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Indian-origin nurse gets anti-noise order against loud music

Press Trust of India  |  London 

A 51-year-old Indian-origin nurse has been handed a noise abatement order after residents in north-east complained about her playing loud dance music.

Sarina Saiger, from Ireshopeburn village in County Durham was served the order by Durham County Council after the neighbours complained.



She had fought the order, but her case was dismissed at Newton Aycliffe Magistrates' this week, leaving her with an estimated 8,000-pound legal bill.

She now plans to appeal the decision further.

"I am unable to comment on matters which will be the subject of an appeal before the crown court," she said.

Saiger, who started as a nurse and then studied for a degree and PhD in nursing to become a nursing director at the UK's state-funded National Health Service (NHS), denied that she was responsible for the music, claiming she was not present on several occasions when it was played.

But the did not agree with her argument and ordered her to pay legal costs.

"We are pleased that the agreed we were right to serve the abatement notice. We don't want to stop anyone enjoying themselves in their own home but no-one should have to live with excessively loud music from their neighbours," Joanne Waller, head of environment, health and consumer protection at the council said after the hearing.

"Residents can be assured we will continue to investigate all complaints of noise disturbance and that we will take appropriate action where we find a nuisance," Waller said.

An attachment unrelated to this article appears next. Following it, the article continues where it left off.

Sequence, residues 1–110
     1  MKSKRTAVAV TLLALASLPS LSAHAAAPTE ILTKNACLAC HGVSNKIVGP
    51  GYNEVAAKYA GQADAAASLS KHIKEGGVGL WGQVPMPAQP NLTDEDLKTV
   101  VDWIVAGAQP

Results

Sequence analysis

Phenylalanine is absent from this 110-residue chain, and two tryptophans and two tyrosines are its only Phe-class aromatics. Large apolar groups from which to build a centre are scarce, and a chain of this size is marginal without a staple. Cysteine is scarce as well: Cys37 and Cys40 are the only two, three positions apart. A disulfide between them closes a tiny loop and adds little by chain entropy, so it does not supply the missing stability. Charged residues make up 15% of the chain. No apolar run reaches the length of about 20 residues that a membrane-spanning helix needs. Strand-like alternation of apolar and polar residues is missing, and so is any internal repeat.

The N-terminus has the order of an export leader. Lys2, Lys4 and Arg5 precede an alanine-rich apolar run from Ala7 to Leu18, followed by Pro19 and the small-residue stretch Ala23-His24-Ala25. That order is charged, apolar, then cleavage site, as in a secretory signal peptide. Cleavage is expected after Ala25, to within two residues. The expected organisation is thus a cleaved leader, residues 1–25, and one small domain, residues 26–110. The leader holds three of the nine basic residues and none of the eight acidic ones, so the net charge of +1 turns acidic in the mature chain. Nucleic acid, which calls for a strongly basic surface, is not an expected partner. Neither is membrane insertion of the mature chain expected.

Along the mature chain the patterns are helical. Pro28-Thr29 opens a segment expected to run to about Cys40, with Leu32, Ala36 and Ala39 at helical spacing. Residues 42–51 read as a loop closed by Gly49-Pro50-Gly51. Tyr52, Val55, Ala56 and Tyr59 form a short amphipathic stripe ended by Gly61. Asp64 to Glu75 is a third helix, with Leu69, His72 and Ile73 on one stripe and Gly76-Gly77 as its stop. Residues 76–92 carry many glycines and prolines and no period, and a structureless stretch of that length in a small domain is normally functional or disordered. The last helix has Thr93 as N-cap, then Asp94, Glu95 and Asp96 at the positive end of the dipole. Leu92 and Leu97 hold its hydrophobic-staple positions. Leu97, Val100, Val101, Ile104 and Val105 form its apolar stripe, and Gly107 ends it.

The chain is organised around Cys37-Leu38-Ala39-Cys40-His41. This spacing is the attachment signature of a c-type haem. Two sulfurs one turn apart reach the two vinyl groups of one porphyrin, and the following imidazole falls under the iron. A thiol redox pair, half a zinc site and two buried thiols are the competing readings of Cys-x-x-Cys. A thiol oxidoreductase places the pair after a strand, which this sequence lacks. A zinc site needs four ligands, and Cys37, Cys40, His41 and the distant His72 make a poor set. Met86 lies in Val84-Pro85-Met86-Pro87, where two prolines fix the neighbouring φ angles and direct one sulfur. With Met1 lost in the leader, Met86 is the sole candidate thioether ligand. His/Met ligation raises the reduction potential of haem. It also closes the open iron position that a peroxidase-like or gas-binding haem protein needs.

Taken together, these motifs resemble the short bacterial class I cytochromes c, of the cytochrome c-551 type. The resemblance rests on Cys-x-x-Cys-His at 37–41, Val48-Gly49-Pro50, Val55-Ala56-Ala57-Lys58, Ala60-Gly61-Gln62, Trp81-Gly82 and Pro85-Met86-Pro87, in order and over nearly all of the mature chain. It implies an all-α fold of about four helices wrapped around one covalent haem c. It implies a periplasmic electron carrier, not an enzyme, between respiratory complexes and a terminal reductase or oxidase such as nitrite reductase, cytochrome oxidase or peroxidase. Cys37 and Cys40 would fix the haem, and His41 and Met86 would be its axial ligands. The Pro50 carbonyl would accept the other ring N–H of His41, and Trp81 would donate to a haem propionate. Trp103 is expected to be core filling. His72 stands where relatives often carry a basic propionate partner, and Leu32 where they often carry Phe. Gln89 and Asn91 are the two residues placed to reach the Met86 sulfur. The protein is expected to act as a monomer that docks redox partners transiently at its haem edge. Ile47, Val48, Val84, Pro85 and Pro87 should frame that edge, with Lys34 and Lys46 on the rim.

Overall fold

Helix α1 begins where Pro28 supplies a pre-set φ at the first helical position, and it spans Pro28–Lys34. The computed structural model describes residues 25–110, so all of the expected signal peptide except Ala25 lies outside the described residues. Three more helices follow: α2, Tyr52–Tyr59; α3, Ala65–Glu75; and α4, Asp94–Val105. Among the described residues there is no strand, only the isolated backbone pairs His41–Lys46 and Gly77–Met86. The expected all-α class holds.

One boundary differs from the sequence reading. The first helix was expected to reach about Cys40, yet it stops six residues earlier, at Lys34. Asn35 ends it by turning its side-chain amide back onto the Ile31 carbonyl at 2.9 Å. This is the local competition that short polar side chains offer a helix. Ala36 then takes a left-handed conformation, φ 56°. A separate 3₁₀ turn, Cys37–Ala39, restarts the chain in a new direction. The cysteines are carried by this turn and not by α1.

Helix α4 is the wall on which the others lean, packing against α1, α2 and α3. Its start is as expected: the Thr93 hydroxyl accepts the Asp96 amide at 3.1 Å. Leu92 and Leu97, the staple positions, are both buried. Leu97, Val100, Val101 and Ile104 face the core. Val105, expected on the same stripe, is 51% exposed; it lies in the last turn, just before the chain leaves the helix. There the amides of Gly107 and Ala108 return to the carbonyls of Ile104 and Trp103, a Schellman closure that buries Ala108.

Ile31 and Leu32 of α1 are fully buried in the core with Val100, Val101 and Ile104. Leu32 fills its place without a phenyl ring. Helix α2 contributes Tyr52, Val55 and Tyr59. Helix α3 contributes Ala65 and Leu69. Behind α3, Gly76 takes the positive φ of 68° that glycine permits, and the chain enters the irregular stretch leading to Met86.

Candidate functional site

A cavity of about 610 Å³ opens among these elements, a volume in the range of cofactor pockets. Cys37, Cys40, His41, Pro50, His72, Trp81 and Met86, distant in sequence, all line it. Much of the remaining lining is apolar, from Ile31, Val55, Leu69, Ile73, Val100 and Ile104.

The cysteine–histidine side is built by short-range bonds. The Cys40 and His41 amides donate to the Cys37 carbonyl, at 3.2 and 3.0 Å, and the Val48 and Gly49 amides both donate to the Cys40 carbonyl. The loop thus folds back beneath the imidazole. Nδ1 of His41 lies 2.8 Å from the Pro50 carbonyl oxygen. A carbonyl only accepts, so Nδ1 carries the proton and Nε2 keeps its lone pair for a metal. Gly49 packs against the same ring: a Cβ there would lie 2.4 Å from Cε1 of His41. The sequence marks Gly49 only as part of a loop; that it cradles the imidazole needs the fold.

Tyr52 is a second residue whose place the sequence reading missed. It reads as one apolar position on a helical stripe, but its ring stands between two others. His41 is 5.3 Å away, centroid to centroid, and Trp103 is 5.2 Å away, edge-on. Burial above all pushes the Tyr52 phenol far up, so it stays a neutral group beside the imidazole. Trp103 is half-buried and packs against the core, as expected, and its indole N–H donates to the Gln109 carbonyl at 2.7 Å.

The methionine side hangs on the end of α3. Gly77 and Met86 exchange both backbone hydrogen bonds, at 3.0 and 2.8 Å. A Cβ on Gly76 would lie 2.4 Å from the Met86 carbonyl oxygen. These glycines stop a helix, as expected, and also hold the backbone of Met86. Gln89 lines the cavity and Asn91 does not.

According to the 'Northern Echo', eight witnesses, including the environmental health officers, nearby residents and occupants of a caravan park, gave evidence against and three witnesses, including two of neighbours, gave evidence on behalf of Saiger.

The also played recordings of the music and heard it had mainly been played at the weekend.

(This story has not been edited by Business Standard staff and is auto-generated from a syndicated feed.)

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Indian-origin nurse gets anti-noise order against loud music

A 51-year-old Indian-origin nurse has been handed a noise abatement order after residents in north-east England complained about her playing loud dance music. Sarina Saiger, from Ireshopeburn village in County Durham was served the order by Durham County Council after the neighbours complained. She had fought the order, but her case was dismissed at Newton Aycliffe Magistrates' Court this week, leaving her with an estimated 8,000-pound legal bill. She now plans to appeal the decision further. "I am unable to comment on matters which will be the subject of an appeal before the crown court," she said. Saiger, who started as a nurse and then studied for a degree and PhD in nursing to become a nursing director at the UK's state-funded National Health Service (NHS), denied that she was responsible for the music, claiming she was not present on several occasions when it was played. But the court did not agree with her argument and ordered her to pay legal costs. "We are pleased that ... A 51-year-old Indian-origin nurse has been handed a noise abatement order after residents in north-east complained about her playing loud dance music.

Sarina Saiger, from Ireshopeburn village in County Durham was served the order by Durham County Council after the neighbours complained.

She had fought the order, but her case was dismissed at Newton Aycliffe Magistrates' this week, leaving her with an estimated 8,000-pound legal bill.